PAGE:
Iraq will hold a referendum next July on a wide-ranging military pact allowing US troops to remain in the country until 2011.The Iraqi parliament earlier announced it would delay its own vote on the pact until Thursday.
Iraq plans to hold a referendum on a controversial military pact allowing US troops to remain for another three years that parliament is expected to adopt on Thursday in a delayed vote.
The decision to hold such a referendum could set Baghdad on a collision course with Washington, which needs the military pact to replace its troops' UN mandate to operate in Iraq, which expires on December 31.
"It is not only the Iraqi parliament that has a role in overseeing this agreement, but the Iraqi people, who will have a referendum on July 30 so they can see if the agreement is correct or not, six months after it comes into effect," Iraq's top negotiator Muwafaq al-Rubaie told Dubai-based Al-Arabiya television.
Rubaie, the lead negotiator of the agreement who also serves as national security advisor, spoke shortly after parliament postponed a vote on the landmark pact to Thursday amid a flurry of last-minute talks.
The 275-member assembly had been expected to endorse the agreement on Wednesday, but its approval could have little meaning if the agreement is subjected to a popular vote seven months after coming into force.
"If the Iraqi people reject the agreement in the referendum the government will have two choices, either to cancel it or renegotiate it," Reza Jawad Taqi, an MP from parliament's main Shiite bloc, told AFP.
The measure would govern some 150,000 US troops stationed in over 400 bases, giving the Iraqi government veto power over virtually all of their operations.
Parliament briefly convened in the afternoon to announce it would delay the final vote until Thursday at 10:00 am (0700 GMT).
"The general atmosphere indicates there will be an agreement, the leaders have agreed on all the points under discussion except for one," parliament speaker Mahmud Mashhadani said, without giving further details.
The measure enjoys the support of the Shiite United Iraqi Alliance (UIA), the Kurdish alliance, and a number of independent MPs -- enough for it to pass with slightly more than the requisite simple majority of 138 votes.
But deputy parliamentary speaker Khaled al-Attiya said the government and the UIA were making a last-minute push to assemble a broader coalition.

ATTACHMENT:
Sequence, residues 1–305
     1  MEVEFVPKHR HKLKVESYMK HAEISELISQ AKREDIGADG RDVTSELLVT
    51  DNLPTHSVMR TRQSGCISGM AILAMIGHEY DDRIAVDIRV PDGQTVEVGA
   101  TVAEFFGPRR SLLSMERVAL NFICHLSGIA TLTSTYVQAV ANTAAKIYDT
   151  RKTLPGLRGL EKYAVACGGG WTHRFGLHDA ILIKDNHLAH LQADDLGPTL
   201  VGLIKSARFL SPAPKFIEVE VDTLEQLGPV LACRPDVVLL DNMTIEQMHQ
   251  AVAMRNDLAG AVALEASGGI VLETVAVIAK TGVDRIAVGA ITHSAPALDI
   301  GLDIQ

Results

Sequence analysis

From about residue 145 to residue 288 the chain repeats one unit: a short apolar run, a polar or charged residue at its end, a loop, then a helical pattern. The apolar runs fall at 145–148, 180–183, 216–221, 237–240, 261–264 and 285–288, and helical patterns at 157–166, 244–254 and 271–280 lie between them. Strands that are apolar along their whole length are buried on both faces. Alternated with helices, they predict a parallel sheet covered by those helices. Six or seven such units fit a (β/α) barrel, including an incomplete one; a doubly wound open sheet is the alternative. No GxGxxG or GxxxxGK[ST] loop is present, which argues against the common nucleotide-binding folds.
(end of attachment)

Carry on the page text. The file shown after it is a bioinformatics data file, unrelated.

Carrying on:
"We do not want to pass this agreement with a difference of two or three or four votes," Attiya told AFP. "For this reason there are continuing efforts to achieve a vast majority."
Attiya and other officials have said the demands made by the blocs in closed-door sessions do not concern the agreement itself, which was approved by Iraq's cabinet with the support of the main Shiite, Sunni, and Kurdish blocs.
A spokesman for the National Concord Front -- the main Sunni bloc with 39 votes -- said lawmakers were trying to hash out an agreement to meet the bloc's demand for political reforms related to national reconciliation.
The Sunni bloc said its second demand, that the agreement be put to a national referendum next year, had been met.
"The referendum is important because the agreement is important, so the Iraqi people have to speak up about it," MP Iyad al-Samarrai, the head of the bloc, told reporters.
The Patriotic Union of Kurdistan (PUK), a powerful party led by Iraqi President Jalal Talabani, came out in support of many of the Sunni demands, including the call for a referendum, in a statement posted on their website.
But Attiya said on the eve of the vote that a referendum was out of the question because the Americans were sure to reject it.
"We told them that is not in our hands. The Americans will reject this proposal, definitely," Attiya told AFP on Tuesday.
Iraq won a number of concessions in the deal, including a hard timeline for withdrawal, the right to search US military cargo and the right to try US soldiers for crimes committed while they are off their bases and off-duty.
The pact also forbids US troops from using Iraq as a launch-pad or transit point for attacking another country, which may reassure Syria and Iran, according to the official Arabic version of the pact, translated by AFP.
But the English version has not been made public, and US officials in Washington said there may be a public dispute between the two sides over the interpretation of certain parts of the agreement.
Date created : 2008-11-26